HC Deb 08 July 1859 vol 154 cc892-4

A question of some importance has been raised with regard to the responsibility which the Government is said to have incurred in giving advice to foreign Governments; and it has been said not only that we ought not to advise other States to refrain from increasing their armaments—the fact being that we have given no advice of the kind—but that we ought nut to counsel those States to remain at peace, and to refrain from extending the ravages of war. Now, I find the following advice given by the Earl of Malmesbury to the Confederation. It is contained in a despatch to Sir A. Malet, dated May 1, 1859: — I have received your telegram of this day, by which it appears that a Motion will probably be made to-morrow in the Diet, calling upon the Confederation, without any casus fœderis, to make common cause with Austria. Her Majesty's Government trust, however, that the answer which I immediately returned to you by telegraph may have arrived in time to prevent any such ill-advised step on the part of the Confederation, and that the protest which I have instructed you to make against its adoption, and the warning that I have desired you to give, that if Germany should at this early stage involve herself, without a treaty obligation, in the present war, she would have no assistance to expect from England, and that without such assistance her coasts would be exposed to the ravages of hostile fleets in the Baltic, will deter the Diet from adopting so precipitate a course, which would at once extend to Europe the ravages of war, which every friend of humanity must desire to see confined, if possible, to the country in which it has broken out. Now I do not object to this language, but to state that the Earl of Malmesbury had never given advice to any foreign Power to maintain an attitude of neutrality, and not to enter into war, is certainly not to put a fair interpretation on the language which that noble Earl has used. I do not think I have employed language so strong as that which was directed to the German Confederation requesting it not to take part in the present contest in Italy, and warning the German States that if they did so the coasts of the Baltic would be ravaged by a foreign Power.


The advice which the Earl of Malmesbury gave in this despatch is very frequently given by him in the course of the papers which have been laid before the House, and in none of them more strongly than in that from which I last quoted. He there says— Her Majesty's Government strongly declare that Germany should not be influenced in arriving at a decision then under the consideration of the Diet, by any hope of succour from this country. Now, that is stronger language than any which the noble Lord opposite has quoted; but I apprehend from the language used by the noble Lord himself, that he has written a despatch to the Court of Prussia, in which he has recommended to that Court the adoption of a certain line of policy. That, hon. Members will perceive, is a very different thing from giving Prussia to understand, that if she entered into war, she must not expect the assistance of England. The course which the noble Lord has taken, in short, I do not conceive to be consistent with the observance of a strict and impartial neutrality; while all that the Earl of Malmesbury did, was to impress upon Prussia the conviction that if she engaged in hostilities, she must do so on her own responsibility.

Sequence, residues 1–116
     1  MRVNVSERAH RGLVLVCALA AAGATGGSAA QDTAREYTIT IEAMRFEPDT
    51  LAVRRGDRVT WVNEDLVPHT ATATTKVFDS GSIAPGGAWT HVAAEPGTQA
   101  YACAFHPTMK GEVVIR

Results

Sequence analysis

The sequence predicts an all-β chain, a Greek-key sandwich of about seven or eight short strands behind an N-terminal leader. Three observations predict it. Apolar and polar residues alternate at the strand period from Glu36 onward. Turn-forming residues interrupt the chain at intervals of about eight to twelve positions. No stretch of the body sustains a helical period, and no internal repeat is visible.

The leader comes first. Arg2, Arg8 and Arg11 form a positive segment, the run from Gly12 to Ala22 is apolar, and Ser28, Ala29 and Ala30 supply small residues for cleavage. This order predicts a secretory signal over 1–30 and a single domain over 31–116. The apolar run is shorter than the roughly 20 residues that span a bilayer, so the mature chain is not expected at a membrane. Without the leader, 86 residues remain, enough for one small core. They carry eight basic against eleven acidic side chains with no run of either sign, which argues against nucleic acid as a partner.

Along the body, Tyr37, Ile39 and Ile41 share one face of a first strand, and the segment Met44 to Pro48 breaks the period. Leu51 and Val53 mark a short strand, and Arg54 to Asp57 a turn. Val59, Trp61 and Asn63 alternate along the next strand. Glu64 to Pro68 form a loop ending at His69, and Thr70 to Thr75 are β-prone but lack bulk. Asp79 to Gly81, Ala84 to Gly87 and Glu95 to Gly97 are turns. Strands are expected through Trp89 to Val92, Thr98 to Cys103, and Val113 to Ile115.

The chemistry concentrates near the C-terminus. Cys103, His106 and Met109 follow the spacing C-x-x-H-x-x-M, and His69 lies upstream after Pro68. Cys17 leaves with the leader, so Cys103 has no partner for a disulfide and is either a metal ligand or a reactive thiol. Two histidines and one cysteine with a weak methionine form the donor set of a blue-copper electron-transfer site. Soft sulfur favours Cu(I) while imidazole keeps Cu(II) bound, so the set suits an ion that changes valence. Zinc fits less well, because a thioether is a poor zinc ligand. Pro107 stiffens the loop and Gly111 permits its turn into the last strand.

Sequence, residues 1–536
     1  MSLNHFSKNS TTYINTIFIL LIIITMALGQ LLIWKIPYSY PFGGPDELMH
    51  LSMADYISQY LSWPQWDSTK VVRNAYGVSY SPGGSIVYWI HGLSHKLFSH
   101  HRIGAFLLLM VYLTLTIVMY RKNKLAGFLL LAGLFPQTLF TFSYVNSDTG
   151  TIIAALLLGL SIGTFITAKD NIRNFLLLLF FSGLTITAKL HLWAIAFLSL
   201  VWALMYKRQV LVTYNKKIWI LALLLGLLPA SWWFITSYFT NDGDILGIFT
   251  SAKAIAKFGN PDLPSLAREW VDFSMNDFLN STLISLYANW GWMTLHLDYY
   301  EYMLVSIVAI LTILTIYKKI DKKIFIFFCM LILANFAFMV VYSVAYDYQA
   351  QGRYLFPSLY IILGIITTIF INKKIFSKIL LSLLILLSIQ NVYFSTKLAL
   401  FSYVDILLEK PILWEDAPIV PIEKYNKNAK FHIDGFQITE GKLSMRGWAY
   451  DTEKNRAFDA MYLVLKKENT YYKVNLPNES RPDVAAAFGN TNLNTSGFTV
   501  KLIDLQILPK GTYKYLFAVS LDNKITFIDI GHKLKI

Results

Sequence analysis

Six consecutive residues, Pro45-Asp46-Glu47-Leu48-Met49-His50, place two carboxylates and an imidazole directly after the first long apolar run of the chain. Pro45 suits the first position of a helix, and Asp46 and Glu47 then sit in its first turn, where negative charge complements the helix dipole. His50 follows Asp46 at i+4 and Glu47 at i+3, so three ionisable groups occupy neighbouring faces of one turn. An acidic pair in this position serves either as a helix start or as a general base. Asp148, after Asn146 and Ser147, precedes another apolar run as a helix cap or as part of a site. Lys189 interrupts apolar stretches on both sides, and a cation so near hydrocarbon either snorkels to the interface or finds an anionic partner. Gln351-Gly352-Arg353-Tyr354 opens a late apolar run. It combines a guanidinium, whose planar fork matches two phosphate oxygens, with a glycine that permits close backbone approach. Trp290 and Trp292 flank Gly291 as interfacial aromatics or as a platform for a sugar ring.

The despatch of the Earl of Malmesbury which has been quoted by my noble Friend clearly does not confine itself to an intimation to Prussia, that if she went to war she must not count upon the support of England, but tells her she must reckon on something else—namely, the ravage of her coasts in the Baltic. The charge which was made against my noble Friend in the early part of this discussion was, that he had given advice to the German Powers. On the other hand, he admitted that he had simply given advice to Prussia, dissuading her from entering into the war which was then being waged in Italy; but the charges made being that my noble Friend had given advice to the German Powers, he proves from the blue-books that the Earl of Malmesbury did not merely give advice to the Diet to abstain from war, but pointed out the course it ought to pursue, and warned it of the dangers which would arise if it pursued a different line of policy from that which the late Government had shadowed out. The late Government protested against the steps which the Diet was going to take, and I do not find fault with them for having done so. I think they acted wisely in the course which in that respect they pursued, but then it is going too far to turn round upon us because we have, although only in a modified degree, adopted a similar policy. If there can be any charge against us, it is on the score that we have not protested against the conduct of the German Powers. Of all men, the late Ministry are the last persons who ought to have found fault with our proceedings this particular.


The noble Lord who has just spoken seems to labour under the impression, that in warning Prussia against ravages in the Baltic, we were speaking of the possible policy of England.


observed, that nothing could more completely breathe a spirit of neutrality than the language which the Earl of Malmesbury had employed.